Ludicrous Mama – Well, as someone who used to do this stuff for a living (as an advertising/regulatory lawyer for a food/consumer product conglomerate), I doubt the CFBAI is messing with portion size — I think they really are reducing the sugar in the standard size. But you raise a larger point, which is that FDA serving sizes, which were formulated decades ago, are hopelessly outdated now. I’m sure you’ve seen those pictures that show a muffin in the 50’s (tiny) versus our gargantuan muffins today, and the growth in what we consider a standard serving is true across the board.

      • says

        Sadly, those little portions from the 50s are out of date because our eyeballs grew along with our waistlines thanks to the whole “Super Size Me” thing. More is always better, right? Uh, no… I always think about how much thinner the population was 40 and 50 years ago. They simply ate less. I’m not really sure that we should update the serving sizes. I know I’m actually trying to eat (just) those smaller portions. Chew more, eat less, lol.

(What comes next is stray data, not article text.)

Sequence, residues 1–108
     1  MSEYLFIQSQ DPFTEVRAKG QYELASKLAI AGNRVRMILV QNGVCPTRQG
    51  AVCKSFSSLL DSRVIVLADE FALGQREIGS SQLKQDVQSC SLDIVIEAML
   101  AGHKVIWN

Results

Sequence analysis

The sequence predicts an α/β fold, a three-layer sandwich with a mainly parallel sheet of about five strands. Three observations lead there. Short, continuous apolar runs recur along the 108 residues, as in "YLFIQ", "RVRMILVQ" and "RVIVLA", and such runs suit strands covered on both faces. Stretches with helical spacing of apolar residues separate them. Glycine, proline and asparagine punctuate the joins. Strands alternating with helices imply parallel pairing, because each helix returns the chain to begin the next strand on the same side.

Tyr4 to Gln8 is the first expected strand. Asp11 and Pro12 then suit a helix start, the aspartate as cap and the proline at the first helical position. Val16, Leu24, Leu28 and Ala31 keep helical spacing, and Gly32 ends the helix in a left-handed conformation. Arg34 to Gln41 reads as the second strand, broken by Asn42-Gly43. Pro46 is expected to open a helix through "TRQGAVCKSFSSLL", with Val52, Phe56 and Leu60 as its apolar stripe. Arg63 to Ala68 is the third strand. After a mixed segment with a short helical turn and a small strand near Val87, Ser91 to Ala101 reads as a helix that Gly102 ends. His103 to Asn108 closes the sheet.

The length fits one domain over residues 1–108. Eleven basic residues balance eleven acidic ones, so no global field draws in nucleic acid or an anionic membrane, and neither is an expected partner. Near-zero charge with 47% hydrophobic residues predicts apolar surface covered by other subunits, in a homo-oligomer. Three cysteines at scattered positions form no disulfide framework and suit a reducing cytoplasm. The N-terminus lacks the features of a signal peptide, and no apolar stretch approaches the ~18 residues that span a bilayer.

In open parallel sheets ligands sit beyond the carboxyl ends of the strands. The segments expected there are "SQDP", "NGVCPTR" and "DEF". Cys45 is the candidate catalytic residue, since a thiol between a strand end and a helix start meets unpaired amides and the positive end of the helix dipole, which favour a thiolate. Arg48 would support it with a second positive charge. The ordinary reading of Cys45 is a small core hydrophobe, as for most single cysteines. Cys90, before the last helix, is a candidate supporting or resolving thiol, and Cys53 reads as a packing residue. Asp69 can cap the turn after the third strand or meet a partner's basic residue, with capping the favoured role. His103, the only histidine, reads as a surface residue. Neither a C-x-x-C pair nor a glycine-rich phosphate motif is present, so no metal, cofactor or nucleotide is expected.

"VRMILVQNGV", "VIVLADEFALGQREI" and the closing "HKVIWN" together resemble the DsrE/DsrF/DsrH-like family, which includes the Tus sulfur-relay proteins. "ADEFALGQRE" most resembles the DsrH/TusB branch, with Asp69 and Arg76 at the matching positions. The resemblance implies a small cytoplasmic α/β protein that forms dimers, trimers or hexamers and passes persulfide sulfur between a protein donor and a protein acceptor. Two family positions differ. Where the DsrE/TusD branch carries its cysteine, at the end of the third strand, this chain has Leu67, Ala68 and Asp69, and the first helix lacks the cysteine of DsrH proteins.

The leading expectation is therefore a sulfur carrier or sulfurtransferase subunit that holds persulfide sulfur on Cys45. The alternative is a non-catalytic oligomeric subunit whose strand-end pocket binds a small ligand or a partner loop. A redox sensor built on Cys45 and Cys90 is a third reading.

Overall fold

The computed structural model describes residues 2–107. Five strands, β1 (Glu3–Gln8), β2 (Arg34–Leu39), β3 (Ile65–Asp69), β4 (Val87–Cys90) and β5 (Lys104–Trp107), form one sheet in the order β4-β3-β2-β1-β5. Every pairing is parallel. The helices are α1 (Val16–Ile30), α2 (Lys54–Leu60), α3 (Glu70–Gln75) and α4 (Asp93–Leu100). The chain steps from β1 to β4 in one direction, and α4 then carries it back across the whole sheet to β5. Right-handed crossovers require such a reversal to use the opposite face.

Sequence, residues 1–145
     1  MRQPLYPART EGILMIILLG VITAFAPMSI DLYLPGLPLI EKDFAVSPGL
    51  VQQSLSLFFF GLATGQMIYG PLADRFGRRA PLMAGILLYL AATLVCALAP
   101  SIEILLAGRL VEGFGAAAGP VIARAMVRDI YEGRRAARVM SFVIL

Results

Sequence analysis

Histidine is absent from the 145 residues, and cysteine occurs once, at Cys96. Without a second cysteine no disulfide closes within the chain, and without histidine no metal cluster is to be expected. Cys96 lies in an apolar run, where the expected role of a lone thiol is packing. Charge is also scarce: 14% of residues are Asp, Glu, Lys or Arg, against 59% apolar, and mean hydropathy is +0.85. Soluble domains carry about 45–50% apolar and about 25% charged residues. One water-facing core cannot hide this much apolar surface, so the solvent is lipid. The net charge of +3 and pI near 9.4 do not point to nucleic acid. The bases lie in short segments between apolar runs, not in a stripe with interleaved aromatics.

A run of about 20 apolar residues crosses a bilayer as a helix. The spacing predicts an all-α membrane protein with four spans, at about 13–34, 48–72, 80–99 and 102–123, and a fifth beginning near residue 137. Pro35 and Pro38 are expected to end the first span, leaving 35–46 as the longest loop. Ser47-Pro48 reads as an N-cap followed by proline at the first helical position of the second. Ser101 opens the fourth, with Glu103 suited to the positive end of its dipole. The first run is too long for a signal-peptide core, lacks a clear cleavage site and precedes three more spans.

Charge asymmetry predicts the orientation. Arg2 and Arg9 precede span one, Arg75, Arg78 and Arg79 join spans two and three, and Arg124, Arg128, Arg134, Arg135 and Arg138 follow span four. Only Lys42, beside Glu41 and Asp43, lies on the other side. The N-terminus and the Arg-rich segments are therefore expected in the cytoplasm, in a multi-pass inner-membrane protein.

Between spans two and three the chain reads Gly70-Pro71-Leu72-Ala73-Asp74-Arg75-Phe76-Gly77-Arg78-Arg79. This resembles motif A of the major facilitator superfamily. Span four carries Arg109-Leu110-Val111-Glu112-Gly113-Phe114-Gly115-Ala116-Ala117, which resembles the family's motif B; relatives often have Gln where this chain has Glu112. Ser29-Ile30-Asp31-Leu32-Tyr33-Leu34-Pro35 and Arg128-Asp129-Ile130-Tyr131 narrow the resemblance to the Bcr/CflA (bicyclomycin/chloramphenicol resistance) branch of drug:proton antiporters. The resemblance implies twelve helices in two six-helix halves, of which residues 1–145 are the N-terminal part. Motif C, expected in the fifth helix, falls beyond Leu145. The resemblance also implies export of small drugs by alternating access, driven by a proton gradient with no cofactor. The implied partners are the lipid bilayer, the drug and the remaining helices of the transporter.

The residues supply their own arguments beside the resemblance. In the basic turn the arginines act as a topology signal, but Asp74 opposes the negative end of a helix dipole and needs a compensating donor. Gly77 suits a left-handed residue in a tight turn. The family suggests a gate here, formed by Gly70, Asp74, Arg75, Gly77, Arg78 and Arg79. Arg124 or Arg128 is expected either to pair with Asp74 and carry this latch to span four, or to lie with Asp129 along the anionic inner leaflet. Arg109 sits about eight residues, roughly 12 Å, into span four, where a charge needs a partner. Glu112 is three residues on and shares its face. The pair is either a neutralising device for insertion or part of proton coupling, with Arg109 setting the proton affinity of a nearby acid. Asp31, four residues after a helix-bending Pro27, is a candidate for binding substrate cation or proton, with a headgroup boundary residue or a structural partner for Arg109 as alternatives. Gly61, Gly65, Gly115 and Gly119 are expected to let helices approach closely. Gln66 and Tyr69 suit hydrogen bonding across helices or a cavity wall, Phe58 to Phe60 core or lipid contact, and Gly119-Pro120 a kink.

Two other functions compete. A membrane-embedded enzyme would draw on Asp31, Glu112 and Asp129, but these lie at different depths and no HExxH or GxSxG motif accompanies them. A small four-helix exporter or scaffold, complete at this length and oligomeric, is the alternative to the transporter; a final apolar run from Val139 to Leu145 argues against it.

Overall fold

1. […] Of my three proposals, the third—inoculation—struck me as the most important by far. Currently Big Food spends almost $2 billion annually to market mostly unhealthful products to children, yet children lack the intellectual ability to view these advertisements critically, making them particularly vulnerable targets. Nonetheless, past efforts to rein in these advertising messages—such as the purely voluntary guidelines proposed in 2011 by a federal interagency working group (including the FTC, FDA and USDA)—have failed under intense industry lobbying. […]